From the authors: "The NGSS [Next Generation Science Standards] identify three dimensions essential for providing students with a quality science education: science and engineering practices, crosscutting concepts across domains of science, and disciplinary core ideas. Integrating these dimensions provides a meaningful context for science content and practices—how science knowledge is acquired and understood through conceptual connections across disciplines. The dimensions are blended in what is called in the standards, performance expectations—assessable components that articulate what students should know and be able to do when instruction is effective. This [paper] focuses on critical issues related to assessments designed to provide evidence regarding students’ proficiency in meeting the NGSS performance expectations. Two questions guide the statement: (1) what conceptual frameworks should be considered if these assessments are to be useful in both the classroom and large-scale assessment contexts, and (2) what is required to develop assessments that align with the performance expectations proposed by the NGSS?"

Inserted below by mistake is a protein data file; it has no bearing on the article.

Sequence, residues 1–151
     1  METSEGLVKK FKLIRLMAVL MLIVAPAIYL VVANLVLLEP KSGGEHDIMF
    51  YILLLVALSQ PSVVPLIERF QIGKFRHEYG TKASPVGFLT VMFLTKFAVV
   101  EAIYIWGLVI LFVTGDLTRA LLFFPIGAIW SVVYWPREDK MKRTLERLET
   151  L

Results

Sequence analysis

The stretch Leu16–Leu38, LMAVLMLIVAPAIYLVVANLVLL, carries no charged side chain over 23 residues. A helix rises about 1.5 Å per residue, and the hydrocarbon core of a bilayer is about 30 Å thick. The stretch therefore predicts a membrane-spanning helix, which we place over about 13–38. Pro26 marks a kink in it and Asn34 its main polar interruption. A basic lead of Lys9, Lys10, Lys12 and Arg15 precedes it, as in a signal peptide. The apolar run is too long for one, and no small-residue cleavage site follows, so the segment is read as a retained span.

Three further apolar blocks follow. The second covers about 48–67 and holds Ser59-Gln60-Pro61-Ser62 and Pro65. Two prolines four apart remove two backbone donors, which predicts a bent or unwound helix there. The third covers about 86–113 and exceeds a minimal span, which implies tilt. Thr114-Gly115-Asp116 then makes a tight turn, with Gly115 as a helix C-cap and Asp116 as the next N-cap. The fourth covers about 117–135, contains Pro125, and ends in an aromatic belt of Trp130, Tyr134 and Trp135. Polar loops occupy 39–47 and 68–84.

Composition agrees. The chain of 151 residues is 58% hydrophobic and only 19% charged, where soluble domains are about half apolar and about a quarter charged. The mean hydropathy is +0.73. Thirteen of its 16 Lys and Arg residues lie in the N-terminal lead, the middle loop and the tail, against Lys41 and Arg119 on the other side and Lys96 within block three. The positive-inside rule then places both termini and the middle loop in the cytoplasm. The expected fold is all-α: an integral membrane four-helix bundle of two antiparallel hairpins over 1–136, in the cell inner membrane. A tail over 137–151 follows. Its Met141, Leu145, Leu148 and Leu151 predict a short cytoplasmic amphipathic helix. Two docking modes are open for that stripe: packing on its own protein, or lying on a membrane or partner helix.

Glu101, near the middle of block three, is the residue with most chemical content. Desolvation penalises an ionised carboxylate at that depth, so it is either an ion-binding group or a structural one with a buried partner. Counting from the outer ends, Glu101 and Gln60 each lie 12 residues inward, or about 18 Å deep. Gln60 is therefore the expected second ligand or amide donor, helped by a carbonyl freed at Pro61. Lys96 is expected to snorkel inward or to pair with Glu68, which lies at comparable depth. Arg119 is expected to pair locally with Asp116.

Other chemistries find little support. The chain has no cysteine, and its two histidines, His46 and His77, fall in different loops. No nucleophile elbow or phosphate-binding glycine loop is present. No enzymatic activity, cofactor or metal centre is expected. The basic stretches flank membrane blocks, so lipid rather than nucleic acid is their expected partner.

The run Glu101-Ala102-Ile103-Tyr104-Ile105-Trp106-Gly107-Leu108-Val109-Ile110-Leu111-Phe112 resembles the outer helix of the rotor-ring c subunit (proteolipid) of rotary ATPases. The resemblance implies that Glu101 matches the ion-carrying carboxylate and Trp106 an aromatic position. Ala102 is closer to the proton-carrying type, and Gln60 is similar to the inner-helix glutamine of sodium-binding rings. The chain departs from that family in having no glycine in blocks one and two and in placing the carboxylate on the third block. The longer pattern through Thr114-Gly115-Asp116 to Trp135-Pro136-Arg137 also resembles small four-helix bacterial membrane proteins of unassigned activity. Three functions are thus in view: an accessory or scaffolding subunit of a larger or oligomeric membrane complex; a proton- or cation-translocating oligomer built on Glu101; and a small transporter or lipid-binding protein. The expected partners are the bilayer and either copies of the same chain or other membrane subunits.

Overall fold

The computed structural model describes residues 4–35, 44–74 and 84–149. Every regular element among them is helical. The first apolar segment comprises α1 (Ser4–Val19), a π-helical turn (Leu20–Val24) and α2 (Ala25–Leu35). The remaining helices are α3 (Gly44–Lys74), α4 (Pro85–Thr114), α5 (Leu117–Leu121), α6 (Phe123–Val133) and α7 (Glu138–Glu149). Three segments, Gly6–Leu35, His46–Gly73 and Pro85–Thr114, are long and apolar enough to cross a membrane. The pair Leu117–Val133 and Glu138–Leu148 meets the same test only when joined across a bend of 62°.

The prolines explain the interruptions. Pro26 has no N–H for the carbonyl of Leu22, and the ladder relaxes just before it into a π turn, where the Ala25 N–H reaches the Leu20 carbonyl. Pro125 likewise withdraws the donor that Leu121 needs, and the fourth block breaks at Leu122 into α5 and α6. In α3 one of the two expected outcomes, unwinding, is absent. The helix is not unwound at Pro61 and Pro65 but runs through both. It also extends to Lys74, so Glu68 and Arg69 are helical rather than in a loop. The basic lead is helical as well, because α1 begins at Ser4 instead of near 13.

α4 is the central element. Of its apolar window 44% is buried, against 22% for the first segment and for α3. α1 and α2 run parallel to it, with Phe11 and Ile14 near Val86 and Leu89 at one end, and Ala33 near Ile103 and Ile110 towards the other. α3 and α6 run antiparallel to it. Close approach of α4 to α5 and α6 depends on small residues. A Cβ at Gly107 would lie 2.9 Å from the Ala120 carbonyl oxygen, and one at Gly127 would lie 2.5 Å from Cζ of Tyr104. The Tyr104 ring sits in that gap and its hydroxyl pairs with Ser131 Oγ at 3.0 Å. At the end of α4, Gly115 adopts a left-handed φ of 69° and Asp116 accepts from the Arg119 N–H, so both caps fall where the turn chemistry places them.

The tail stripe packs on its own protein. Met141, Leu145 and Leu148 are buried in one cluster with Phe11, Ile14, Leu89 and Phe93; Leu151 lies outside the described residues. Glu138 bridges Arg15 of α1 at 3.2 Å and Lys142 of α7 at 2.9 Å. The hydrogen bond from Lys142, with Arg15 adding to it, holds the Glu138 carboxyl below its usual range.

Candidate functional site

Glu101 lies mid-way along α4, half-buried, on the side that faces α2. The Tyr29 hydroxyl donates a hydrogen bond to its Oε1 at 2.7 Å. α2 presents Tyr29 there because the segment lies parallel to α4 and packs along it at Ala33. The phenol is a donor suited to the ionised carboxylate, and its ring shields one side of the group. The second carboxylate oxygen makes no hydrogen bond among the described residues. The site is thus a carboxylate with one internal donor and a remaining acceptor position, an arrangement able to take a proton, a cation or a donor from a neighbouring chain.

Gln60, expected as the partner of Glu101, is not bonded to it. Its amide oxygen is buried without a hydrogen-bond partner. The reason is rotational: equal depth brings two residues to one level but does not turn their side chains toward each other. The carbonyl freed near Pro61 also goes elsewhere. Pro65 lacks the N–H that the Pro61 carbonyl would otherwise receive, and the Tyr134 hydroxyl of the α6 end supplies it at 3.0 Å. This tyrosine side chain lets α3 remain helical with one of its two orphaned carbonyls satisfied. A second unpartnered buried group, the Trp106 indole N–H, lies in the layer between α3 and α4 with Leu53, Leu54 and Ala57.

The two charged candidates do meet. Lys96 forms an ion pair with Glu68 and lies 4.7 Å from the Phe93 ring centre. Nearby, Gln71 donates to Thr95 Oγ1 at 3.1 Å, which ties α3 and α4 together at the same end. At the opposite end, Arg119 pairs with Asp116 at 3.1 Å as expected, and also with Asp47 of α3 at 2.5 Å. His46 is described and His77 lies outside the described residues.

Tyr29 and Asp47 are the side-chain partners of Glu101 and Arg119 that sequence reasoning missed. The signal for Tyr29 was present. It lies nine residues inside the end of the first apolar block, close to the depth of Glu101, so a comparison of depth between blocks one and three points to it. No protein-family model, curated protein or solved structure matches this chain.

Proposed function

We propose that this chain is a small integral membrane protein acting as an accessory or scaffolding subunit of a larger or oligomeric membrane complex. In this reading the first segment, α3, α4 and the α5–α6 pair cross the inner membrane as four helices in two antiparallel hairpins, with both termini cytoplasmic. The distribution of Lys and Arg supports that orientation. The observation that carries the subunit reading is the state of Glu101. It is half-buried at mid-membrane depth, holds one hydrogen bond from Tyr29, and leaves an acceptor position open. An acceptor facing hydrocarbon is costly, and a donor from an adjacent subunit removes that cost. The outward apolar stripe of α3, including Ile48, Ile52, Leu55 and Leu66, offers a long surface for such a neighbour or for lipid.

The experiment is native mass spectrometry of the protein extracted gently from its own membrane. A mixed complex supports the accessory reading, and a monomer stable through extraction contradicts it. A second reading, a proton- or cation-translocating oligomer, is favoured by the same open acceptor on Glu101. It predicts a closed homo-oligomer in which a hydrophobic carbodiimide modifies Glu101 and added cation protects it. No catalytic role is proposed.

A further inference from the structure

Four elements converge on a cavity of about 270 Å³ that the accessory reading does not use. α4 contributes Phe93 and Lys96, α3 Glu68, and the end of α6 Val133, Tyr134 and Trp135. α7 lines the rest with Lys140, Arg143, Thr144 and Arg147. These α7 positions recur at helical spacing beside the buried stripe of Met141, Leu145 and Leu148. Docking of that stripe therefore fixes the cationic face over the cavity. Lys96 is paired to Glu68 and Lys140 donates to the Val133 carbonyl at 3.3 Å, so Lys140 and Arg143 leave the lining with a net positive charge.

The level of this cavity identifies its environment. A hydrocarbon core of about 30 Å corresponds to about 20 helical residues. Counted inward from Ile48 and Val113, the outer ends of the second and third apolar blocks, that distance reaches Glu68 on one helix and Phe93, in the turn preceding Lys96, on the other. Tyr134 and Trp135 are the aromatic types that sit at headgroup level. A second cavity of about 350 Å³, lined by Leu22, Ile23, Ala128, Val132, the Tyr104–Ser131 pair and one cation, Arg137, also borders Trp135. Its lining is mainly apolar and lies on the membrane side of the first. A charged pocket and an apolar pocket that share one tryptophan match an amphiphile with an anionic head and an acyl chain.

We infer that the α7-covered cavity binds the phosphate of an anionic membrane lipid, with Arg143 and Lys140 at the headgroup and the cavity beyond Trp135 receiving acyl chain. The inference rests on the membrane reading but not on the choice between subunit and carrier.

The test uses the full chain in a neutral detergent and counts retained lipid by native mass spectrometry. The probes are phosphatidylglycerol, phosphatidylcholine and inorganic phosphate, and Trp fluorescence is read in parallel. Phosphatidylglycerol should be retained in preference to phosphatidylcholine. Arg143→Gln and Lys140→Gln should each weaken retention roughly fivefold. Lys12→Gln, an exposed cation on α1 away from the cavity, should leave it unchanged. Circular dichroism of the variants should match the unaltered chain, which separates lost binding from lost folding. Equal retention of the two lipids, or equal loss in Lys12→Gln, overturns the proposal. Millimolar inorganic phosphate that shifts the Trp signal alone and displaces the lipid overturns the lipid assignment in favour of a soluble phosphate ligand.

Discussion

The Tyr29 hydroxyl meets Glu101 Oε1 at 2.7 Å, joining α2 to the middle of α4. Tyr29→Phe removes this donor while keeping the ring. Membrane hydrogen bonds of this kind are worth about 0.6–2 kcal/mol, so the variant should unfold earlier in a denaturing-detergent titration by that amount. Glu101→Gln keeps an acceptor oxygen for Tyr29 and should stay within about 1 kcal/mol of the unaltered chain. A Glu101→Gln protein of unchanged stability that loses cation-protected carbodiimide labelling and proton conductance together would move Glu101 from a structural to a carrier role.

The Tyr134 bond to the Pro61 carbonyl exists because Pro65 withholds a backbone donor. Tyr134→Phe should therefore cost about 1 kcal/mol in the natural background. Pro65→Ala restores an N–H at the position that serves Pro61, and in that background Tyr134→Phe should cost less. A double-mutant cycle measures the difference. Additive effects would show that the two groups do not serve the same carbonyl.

The authors of this paper effectively state their purposes and meet them, combining their own expertise and research into useful guidance. The communications quality is reflective of an academic paper rather than an illustrated brochure or policy brief. The language is strongly academic, but the writing is well organized and logical. The paper should be useful primarily to states and assessment developers creating or implementing new science assessments. It has a fairly detailed and useful section on science assessment for English language learners, but little coverage regarding students with disabilities and possible validity issues for students with greater access to technology than others. Nevertheless, the authors raise excellent points and make useful recommendations throughout.